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April 9, 2014

Jonathan Tobin: Why Did Kerry Lie About Israeli Blame?

Samuel G. Freedman: A resolution 70 years later for a father's unsettling legacy of ashes from Dachau

Jessica Ivins: A resolution 70 years later for a father's unsettling legacy of ashes from Dachau

Kim Giles: Asking for help is not weakness

Kathy Kristof and Barbara Hoch Marcus: 7 Great Growth Israeli Stocks

Matthew Mientka: How Beans, Peas, And Chickpeas Cleanse Bad Cholesterol and Lowers Risk of Heart Disease

Sabrina Bachai: 5 At-Home Treatments For Headaches

The Kosher Gourmet by Daniel Neman Have yourself a matzo ball: The secrets bubby never told you and recipes she could have never imagined

April 8, 2014

Lori Nawyn: At Your Wit's End and Back: Finding Peace

Susan B. Garland and Rachel L. Sheedy: Strategies Married Couples Can Use to Boost Benefits

David Muhlbaum: Smart Tax Deductions Non-Itemizers Can Claim

Jill Weisenberger, M.S., R.D.N., C.D.E : Before You Lose Your Mental Edge

Dana Dovey: Coffee Drinkers Rejoice! Your Cup Of Joe Can Prevent Death From Liver Disease

Chris Weller: Electric 'Thinking Cap' Puts Your Brain Power Into High Gear

The Kosher Gourmet by Marlene Parrish A gift of hazelnuts keeps giving --- for a variety of nutty recipes: Entree, side, soup, dessert

April 4, 2014

Rabbi David Gutterman: The Word for Nothing Means Everything

Charles Krauthammer: Kerry's folly, Chapter 3

Amy Peterson: A life of love: How to build lasting relationships with your children

John Ericson: Older Women: Save Your Heart, Prevent Stroke Don't Drink Diet

John Ericson: Why 50 million Americans will still have spring allergies after taking meds

Cameron Huddleston: Best and Worst Buys of April 2014

Stacy Rapacon: Great Mutual Funds for Young Investors

Sarah Boesveld: Teacher keeps promise to mail thousands of former students letters written by their past selves

The Kosher Gourmet by Sharon Thompson Anyone can make a salad, you say. But can they make a great salad? (SECRETS, TESTED TECHNIQUES + 4 RECIPES, INCLUDING DRESSINGS)

April 2, 2014

Paul Greenberg: Death and joy in the spring

Dan Barry: Should South Carolina Jews be forced to maintain this chimney built by Germans serving the Nazis?

Mayra Bitsko: Save me! An alien took over my child's personality

Frank Clayton: Get happy: 20 scientifically proven happiness activities

Susan Scutti: It's Genetic! Obesity and the 'Carb Breakdown' Gene

Lecia Bushak: Why Hand Sanitizer May Actually Harm Your Health

Stacy Rapacon: Great Funds You Can Own for $500 or Less

Cameron Huddleston: 7 Ways to Save on Home Decor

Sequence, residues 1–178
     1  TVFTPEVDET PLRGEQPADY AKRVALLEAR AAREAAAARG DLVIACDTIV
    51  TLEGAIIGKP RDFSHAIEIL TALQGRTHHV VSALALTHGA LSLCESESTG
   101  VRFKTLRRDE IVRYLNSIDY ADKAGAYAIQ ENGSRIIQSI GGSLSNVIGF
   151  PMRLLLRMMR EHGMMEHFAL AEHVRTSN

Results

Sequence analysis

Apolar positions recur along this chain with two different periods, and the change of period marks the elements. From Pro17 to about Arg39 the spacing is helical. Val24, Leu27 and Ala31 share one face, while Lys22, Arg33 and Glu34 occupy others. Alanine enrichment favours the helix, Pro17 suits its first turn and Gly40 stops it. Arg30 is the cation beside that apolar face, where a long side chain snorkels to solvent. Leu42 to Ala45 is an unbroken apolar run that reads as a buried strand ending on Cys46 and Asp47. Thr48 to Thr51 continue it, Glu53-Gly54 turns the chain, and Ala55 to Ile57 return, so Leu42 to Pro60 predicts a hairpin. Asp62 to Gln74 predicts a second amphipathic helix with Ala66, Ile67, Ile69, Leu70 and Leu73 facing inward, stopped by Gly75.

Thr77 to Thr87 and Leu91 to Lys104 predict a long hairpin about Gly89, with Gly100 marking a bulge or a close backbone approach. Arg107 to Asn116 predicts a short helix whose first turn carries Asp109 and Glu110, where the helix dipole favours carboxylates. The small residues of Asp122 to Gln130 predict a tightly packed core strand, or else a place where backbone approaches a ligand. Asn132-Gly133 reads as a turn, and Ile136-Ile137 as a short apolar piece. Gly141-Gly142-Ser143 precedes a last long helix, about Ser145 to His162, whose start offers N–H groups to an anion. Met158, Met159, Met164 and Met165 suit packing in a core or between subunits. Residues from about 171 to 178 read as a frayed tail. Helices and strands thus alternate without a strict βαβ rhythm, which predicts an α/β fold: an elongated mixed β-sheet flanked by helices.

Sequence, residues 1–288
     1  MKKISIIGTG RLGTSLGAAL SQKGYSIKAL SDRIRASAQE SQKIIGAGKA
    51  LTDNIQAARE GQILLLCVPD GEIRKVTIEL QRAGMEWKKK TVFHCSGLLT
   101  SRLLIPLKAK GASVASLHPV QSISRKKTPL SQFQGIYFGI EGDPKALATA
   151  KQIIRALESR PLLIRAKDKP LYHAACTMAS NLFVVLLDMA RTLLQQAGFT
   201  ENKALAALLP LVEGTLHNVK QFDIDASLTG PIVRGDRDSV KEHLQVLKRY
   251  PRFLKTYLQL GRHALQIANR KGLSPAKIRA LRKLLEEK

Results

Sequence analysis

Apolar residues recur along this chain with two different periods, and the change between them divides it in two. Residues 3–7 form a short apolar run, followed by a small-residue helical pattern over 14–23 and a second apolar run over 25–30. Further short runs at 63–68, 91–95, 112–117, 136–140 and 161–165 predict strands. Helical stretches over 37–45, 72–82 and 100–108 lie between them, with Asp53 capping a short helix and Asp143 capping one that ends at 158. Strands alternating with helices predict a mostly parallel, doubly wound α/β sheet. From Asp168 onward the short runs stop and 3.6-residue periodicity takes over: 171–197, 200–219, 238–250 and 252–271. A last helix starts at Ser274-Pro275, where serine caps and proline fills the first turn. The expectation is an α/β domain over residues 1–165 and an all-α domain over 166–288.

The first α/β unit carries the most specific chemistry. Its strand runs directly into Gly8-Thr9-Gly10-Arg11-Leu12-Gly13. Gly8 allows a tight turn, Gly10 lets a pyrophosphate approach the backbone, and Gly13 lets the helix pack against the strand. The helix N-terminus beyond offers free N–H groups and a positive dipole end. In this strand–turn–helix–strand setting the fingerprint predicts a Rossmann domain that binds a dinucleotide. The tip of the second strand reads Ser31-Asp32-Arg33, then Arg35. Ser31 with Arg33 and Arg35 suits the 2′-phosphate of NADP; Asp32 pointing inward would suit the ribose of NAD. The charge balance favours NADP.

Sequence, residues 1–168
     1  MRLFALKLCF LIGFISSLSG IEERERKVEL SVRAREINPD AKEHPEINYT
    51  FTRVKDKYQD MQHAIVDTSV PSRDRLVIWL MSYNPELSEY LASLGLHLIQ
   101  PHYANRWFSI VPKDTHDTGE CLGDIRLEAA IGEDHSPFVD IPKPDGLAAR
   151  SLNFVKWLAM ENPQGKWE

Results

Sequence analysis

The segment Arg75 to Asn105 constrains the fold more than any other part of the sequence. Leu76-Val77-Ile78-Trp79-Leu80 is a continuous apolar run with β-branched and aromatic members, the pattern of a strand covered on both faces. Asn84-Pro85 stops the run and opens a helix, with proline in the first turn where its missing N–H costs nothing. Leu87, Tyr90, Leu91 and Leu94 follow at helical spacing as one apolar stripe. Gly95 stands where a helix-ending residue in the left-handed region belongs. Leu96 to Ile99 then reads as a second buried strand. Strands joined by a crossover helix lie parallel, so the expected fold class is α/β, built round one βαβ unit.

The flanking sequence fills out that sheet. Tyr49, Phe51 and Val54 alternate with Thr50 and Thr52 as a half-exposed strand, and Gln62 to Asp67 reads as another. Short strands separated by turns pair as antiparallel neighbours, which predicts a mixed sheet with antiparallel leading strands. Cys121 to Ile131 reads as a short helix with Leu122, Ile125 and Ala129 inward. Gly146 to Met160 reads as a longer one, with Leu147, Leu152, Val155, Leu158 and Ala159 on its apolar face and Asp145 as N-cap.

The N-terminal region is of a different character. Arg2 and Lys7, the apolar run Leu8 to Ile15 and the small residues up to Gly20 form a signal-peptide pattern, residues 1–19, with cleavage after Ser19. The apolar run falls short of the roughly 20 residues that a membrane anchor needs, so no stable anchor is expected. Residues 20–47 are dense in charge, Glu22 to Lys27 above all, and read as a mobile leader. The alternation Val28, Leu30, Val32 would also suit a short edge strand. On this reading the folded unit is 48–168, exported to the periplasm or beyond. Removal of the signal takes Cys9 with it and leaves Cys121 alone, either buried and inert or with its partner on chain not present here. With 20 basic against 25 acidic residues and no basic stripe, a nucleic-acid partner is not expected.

The Kosher Gourmet by Steve Petusevsky Exploring ingredients as edible-stuffed containers (TWO RECIPES + TIPS & TECHINQUES)

Jewish World Review July 19, 2012/ 29 Tamuz, 5772

The Rule of Law

By Judge Andrew P. Napolitano



http://www.JewishWorldReview.com | The greatest distinguishing factor between countries in which there is some freedom and those where authoritarian governments manage personal behavior is the Rule of Law. The idea that the very laws that the government is charged with enforcing could restrain the government itself is uniquely Western and was accepted with near unanimity at the time of the creation of the American Republic. Without that concept underlying the exercise of governmental power, there is little hope for freedom.

The Rule of Law is a three-legged stool on which freedom sits. The first leg requires that all laws be enacted in advance of the behavior they seek to regulate and be crafted and promulgated in public by a legitimate authority. The goal of all laws must be the preservation of individual freedom. A law is not legitimate if it is written by an evil genius in secret or if it punishes behavior that was lawful when the behavior took place or if its goal is to solidify the strength of those in power. It also is not legitimate if it is written by the president instead of Congress.

The second leg is that no one is above the law and no one is beneath it. Thus, the law's restraints on force and fraud need to restrain everyone equally, and the law's protections against force and fraud must protect everyone equally. This leg removes from the discretion of those who enforce the law the ability to enforce it or to afford its protections selectively. This principle also requires that the law enforcers enforce the law against themselves. Of course, this was not always the case. In 1628, the British Parliament spent days debating the question "Is the king above the Rule of Law, or is the Rule of Law above the king?" Thankfully, the king lost — but only by 10 votes out of several hundred cast.